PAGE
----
Werner Viertmann is one of those people who will only settle down when old age and arthritis tells them to. He was born in Selm, West Germany on the 29th of January 1929 in the middle of one of the coldest winters on record. His first move happened at the age of six when his father was transferred to the town of MŁenster in Westfalia, a few kilometres north of where he was born.
Before emigrating in 1954 he was involved in agricultural research. †
In Australia he bought himself a second-hand motorcycle and for two years worked his way around the continent. Early in 1957 he returned to Germany. Prodded by his father he recorded his adventures.†
He went back to Australia in 1958. A year later he joined the Soil Conservation Authority of Victoria. When, in 1981, he was offered a job with the Food and Agricultural Organisation (FAO) of the United Nations, he was in charge of what became known as the Eppalock Project. The job offered was in Tunisia and involved preparing a Soil and Water Conservation curriculum and teaching in French.† After about two and a half years in Tunisia, he returned to Australia and his job with the SCA in Heathcote, Victoria. There he bought some land and when not running the Project, cleared it and planted it to vines. Stuart Anderson, the well-known Australian winemaker, made his first wine which established the township as the centre of a quality growing area.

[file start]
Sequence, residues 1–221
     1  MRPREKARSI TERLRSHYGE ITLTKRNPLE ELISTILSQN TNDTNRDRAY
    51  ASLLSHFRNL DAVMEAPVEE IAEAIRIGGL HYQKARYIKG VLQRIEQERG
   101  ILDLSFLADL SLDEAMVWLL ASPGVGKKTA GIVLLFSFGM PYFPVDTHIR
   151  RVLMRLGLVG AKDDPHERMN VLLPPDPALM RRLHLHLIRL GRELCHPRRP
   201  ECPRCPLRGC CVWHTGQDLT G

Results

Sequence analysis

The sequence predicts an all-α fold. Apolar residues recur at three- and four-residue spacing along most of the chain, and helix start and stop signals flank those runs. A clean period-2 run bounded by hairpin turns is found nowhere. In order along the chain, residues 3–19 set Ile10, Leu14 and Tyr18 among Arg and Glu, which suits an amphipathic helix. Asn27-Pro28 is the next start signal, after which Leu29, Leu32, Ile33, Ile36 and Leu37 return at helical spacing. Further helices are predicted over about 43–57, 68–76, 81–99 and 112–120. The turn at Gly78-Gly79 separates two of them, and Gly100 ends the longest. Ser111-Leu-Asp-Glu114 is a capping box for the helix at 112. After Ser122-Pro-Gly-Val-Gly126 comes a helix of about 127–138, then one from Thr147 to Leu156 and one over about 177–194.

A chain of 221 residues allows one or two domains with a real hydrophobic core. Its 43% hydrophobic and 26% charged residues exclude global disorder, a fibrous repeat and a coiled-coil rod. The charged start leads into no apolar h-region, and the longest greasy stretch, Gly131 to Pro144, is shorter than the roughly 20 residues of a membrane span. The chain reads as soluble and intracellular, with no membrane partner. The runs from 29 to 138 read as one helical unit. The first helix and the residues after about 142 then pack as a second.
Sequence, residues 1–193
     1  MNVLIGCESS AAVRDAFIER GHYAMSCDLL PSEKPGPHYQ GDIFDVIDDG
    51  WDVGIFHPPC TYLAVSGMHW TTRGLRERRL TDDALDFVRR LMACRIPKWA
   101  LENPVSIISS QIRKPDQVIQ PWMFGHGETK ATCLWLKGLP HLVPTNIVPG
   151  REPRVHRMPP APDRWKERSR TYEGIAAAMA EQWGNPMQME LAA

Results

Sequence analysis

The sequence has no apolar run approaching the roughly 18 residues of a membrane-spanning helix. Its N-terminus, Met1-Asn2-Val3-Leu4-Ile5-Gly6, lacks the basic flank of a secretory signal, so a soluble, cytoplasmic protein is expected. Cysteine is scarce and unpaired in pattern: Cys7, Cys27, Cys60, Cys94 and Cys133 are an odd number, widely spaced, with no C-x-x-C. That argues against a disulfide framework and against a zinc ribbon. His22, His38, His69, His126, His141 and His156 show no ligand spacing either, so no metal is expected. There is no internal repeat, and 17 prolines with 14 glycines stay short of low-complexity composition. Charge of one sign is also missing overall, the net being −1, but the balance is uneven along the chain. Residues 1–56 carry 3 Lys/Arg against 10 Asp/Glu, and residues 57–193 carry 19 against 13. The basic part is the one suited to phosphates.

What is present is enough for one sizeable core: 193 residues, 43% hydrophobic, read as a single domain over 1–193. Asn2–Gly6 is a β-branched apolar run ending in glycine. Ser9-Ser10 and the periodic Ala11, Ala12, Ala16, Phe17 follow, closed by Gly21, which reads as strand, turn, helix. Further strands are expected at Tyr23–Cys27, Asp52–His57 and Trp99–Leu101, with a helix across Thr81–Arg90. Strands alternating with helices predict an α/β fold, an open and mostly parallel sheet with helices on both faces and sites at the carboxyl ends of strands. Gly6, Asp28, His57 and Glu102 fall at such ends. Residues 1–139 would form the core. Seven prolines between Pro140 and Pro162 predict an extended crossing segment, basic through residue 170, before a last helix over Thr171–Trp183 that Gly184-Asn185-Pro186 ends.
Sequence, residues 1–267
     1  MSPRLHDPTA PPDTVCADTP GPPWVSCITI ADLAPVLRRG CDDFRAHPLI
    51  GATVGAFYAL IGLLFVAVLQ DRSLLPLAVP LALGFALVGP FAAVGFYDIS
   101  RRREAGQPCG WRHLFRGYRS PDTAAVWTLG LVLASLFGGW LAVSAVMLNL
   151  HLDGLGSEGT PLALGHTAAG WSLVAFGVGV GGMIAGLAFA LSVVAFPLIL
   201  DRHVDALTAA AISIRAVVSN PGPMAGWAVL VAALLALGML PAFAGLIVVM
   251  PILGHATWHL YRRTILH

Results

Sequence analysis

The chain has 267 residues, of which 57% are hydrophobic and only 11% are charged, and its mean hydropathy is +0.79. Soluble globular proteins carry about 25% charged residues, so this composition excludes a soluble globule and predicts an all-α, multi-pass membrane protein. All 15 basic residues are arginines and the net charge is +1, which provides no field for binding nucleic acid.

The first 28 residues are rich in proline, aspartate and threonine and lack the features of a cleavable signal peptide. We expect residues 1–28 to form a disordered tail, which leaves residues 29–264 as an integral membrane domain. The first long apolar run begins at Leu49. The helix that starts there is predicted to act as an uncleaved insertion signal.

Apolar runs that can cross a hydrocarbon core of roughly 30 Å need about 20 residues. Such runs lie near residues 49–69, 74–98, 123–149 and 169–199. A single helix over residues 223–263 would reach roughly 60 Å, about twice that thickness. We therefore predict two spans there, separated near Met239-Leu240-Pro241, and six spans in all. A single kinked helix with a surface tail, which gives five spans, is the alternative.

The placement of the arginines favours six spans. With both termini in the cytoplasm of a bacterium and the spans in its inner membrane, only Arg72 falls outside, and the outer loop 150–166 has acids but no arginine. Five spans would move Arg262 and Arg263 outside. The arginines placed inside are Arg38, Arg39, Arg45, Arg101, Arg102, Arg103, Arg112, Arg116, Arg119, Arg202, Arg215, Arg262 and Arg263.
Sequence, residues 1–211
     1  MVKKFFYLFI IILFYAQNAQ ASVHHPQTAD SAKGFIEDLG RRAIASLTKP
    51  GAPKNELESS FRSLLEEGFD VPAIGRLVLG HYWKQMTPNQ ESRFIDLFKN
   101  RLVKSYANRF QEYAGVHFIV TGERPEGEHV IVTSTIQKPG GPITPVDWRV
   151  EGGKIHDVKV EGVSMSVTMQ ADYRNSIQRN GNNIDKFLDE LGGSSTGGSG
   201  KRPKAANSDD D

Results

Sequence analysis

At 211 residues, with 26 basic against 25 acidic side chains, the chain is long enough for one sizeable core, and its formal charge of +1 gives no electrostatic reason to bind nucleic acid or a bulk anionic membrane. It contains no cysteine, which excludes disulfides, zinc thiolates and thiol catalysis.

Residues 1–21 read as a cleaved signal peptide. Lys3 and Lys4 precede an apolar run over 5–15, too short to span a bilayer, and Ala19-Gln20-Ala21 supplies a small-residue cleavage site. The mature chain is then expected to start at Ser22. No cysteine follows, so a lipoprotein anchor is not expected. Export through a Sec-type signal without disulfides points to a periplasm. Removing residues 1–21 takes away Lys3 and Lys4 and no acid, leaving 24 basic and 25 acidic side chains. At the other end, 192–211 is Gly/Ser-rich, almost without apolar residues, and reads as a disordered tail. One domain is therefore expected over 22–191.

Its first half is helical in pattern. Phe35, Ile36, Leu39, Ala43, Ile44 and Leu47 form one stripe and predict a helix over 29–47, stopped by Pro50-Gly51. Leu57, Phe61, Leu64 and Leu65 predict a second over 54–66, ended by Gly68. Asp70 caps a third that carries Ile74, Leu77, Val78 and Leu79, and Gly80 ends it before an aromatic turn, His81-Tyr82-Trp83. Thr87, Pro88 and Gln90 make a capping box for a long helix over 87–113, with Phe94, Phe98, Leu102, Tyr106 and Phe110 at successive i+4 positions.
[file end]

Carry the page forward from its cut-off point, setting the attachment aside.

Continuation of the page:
† In 1973, another job offer from FAO took him to Jordan. After Jordan he was sent to Morocco, Kenya and again to Tunisia from where he retired in 1985. Then came ten years of intermittent consultancy work and the restoration of a ruined oil mill in the South of France.†
When the old manuscript about his earlier travels around Australia turned up, he decided to re-tell the story in the language he had experienced it in. Since his French had now become tolerable, the South of France seemed the logical place to come to rest and await the Inevitable.†